The Canada Mortgage and Housing Corporation released a study recently saying housing may be overvalued in as many as nine of Canada’s top 15 housing markets. Now places like Hamilton, Ont., and Saskatoon, Sask., have been added to the familiar big cities like Toronto, Vancouver, Montreal and Calgary as places where the price of housing is exceeding what we would expect to see according to their history and the financial, economic and demographic conditions in the economy.
By Patrick Flannery
We have been hearing about the house price “bubble” for some time, though now that bubble appears to be expanding to cover more of the Canadian bathtub. For at least 10 years, economists have been wringing their hands about the unsustainable acceleration of prices in the big markets and the inevitable crash it predicts. About five years ago, economist speakers at industry events started admitting that the predicted crash was taking a long time to come. About three years ago they started wondering if it was ever going to come and admitted puzzlement as to what is going on. Maybe Canadians are so resigned to debt now that we will continue to pay anything for housing as long as the mortgage rates stay low.
If housing prices are in for a correction across the board, it’s not good news for the rental industry. Residential construction is a $15-billion industry in this country employing close to a million people. The value of houses drives investment in that industry, and most equipment rental stores depend heavily on custom from its contractors. Housing prices tell an economic story on the other side as well. When people are employed and making money, they pay more for houses. When they aren’t, they don’t and prices collapse. A bursting price bubble and the sharp reduction in the value of a family’s primary asset will put a freeze on spending that will send a chill across the entire economy.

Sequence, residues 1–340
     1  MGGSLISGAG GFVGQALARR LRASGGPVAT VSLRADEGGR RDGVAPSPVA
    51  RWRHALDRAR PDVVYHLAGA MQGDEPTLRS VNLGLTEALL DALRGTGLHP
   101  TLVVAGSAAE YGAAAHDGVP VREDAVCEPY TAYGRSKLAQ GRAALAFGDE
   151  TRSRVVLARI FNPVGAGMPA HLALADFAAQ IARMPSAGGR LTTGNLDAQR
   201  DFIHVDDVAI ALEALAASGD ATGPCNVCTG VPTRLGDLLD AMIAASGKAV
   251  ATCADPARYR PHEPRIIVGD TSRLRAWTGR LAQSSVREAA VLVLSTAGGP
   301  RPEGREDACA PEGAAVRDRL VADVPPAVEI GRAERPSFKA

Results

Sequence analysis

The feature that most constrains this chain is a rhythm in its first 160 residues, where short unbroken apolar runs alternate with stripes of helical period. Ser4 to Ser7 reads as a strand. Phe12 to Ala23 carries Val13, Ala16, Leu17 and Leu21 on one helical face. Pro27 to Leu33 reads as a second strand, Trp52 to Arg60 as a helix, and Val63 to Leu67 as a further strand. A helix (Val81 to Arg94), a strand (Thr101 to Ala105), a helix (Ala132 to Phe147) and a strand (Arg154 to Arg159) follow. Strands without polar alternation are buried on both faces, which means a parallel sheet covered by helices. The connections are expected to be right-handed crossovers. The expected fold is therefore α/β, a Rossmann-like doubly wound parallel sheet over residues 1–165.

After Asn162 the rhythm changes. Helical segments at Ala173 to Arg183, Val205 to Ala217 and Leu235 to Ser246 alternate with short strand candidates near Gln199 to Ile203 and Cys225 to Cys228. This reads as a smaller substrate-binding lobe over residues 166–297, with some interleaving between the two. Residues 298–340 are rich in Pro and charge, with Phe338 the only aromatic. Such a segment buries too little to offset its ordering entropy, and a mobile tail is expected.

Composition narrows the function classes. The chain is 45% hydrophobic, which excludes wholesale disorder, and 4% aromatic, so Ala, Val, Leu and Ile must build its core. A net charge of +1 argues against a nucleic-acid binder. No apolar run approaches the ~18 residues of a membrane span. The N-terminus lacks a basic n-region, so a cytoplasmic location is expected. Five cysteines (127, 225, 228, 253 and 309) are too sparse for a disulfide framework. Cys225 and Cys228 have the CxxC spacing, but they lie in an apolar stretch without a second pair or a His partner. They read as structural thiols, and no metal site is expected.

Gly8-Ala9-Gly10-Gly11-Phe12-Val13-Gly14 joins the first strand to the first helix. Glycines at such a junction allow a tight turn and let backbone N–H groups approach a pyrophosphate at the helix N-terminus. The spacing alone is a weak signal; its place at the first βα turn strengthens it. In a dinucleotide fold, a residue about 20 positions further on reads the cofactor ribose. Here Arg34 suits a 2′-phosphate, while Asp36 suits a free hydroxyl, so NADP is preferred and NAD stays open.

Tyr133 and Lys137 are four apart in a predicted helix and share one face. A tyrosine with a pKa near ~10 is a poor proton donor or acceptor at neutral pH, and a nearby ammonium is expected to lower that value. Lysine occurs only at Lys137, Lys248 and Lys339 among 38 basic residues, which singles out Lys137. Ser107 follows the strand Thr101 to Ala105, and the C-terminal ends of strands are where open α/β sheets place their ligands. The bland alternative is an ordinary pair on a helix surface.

Diversifying your business away from one-dimensional reliance on housing contractors and homeowners is one way to avoid this risk. Opportunities may exist in local factories and municipal governments – when is the last time you knocked on their doors? Another way to mitigate risk from fluctuations in the fat middle of the market is to move up the market. I remember doing a story on a custom furniture manufacturer back in 2008, just as the Great Recession was starting to bite in the U.S. and Canadians were wondering if we were going to catch the same disease. This man made dining room chairs that cost $10,000 each. The economy was going into recession and other furniture manufacturers were shutting down or fleeing to China, but this company couldn’t keep up with demand. Seems the “one per cent” are not affected by recessions the same as the rest of us. Perhaps there are opportunities in luxury custom homes and recreational properties that don’t go away when price bubbles burst.
Looking ahead to next issue, we will be revisiting Canadian Rental Service’s 40-year history with news and company profiles from the past. If you have photos and stories from the ’70s, ’80s and ’90s, or want us to remember a special person that was instrumental in building the industry in your area, please let me know. I’m just a button-push away at firstname.lastname@example.org or 226-931-0545.